What's in a Name?

I picked up a couple bottles of Silver Moon's beers this week (reviews to come), one of which is brewed in the dreaded "amber" style. I will confess to a certain weariness as I poured it out, because I'm almost never pleased with ambers. They seem like a marketing niche rather than a style, which is sort of how I remember them emerging in the 80s and early 90s. Breweries needed something to slot in between pale ales and browns, so they brewed these worty-sweet copper ales and dubbed them "ambers."

Without tipping my hand too much about Silver Moon, I'll say that the first inhalation of its gentle aroma suggested "best bitter," which my palate confirmed. There's not a whole lot of difference between best bitters and ambers, really. The former is a bit smaller than the latter (around 4.2%, compared to, say 5.2%), a little less dark, and a little thinner of body. But these are differences of degree, not type. The major distinction is hopping--with an amber you expect citrusy Northwest hops, and in a best bitter the spicier hops of England.

When I was studying Hindi, one of my teachers had a subtle way of describing native fluency. He spoke nearly flawless English (way better than my Hindi), but there were things he just couldn't get straight. He used the example of "mug" and "jug." They were both liquid containers, and they sounded the same. It took him forever to finally nail down the difference. Beer styles are a bit like that. On the one hand, they have such similarity that on a philosophical level, you almost can't argue a difference. Ambers and best bitters are, existentially speaking, roughly the same. On the other, there's something quit distinct, something worth noting.

In the US, when I encounter a best bitter (or even an ordinary bitter), I regard it as a statement of intention. The brewer knows s/he's selling something that will confuse the average consumer--bitters, especially now, are not bitter. Adding the "best" doesn't help clarify things for patrons who are unaware of the range of English bitters. American best bitters designed for people who can appreciate craft and subtlety. It is almost an axiom that they won't sell.

Ambers, on the other hand, are beers everyone can get their brains around. Look, it's amber-colored. No problem. Ambers seem to have been aimed at people for whom color is about as much information as they need. They are approachable, and their sweetness is enhanced by Cascade hopping, which make them a bit like lemonade. Add some body and you've got a crowd-pleaser, if not a great beer.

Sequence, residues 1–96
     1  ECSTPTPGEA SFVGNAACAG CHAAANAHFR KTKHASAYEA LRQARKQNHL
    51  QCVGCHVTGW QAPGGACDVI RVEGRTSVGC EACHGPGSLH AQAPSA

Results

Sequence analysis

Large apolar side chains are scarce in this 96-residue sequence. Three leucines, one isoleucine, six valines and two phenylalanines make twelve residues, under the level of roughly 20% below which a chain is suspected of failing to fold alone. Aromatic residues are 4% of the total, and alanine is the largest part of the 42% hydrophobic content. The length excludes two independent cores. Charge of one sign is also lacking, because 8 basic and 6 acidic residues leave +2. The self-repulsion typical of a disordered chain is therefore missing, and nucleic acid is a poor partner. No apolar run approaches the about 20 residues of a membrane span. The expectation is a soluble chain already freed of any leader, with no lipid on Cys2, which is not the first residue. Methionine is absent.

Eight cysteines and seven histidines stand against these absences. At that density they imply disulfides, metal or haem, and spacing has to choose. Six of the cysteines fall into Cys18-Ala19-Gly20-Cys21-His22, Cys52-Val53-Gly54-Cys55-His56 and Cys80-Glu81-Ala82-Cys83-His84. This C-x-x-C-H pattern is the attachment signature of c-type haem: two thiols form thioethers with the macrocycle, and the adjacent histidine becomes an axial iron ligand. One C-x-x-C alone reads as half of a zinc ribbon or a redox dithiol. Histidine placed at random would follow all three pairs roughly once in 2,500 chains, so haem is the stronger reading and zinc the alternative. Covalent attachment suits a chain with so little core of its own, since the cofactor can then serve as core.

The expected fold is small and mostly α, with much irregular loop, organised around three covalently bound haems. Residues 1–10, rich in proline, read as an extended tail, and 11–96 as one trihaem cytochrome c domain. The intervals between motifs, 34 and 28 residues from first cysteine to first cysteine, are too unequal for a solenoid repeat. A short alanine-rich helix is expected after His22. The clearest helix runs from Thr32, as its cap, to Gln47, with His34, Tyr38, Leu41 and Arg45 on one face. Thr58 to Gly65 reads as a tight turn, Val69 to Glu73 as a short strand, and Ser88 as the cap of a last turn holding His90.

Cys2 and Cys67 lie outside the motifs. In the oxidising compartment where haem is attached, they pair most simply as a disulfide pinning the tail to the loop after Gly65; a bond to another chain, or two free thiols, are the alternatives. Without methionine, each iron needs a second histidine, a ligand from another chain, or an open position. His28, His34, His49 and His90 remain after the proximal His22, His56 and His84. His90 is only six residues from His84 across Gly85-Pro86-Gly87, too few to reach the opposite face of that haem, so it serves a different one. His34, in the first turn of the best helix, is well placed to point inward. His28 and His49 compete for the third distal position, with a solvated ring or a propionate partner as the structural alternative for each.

For me, "best bitter" implies a carefully articulated beer, with wonderfully distinct (if understated) notes of malt sweetness and hop flavor. "Amber," on the other hand, suggests an indistinct beer of little character--something inoffensive, but without interest.

Clearly, all of this is semantics. I was reminded of how much solidity I had put into the terms, though, when I tippled Silver Moon's Amber last night. Moral: don't judge a beer by its name. Consider me edumacated.

[Update. I forgot to mention one other wrinkle to this rumination: Anheuser-Busch's latest release, American Ale. (It's going to be a frosty cold day in hell before InBud releases a Belgian ale in the US market.) It is ... you guessed it, an amber ale. Now, I don't mean to instantly contradict the moral to my own blog post, but this doesn't bode well, does it? I mean, a Bud ale with 5.2% alcohol and 25-28 IBU. That sounds suspiciously like an "indistinct beer of little character--something inoffensive, but without interest." But let's not get ahead of ourselves. You never know, have to keep your mind open, pick your cliche. All I know is that the Belgians run the show now, so maybe (twist of the knife) it will finally have a little character.

Jon's sitting on a promo package (how does he get those damn things while I pay good money for my beer?), so we'll await his verdict with interest.]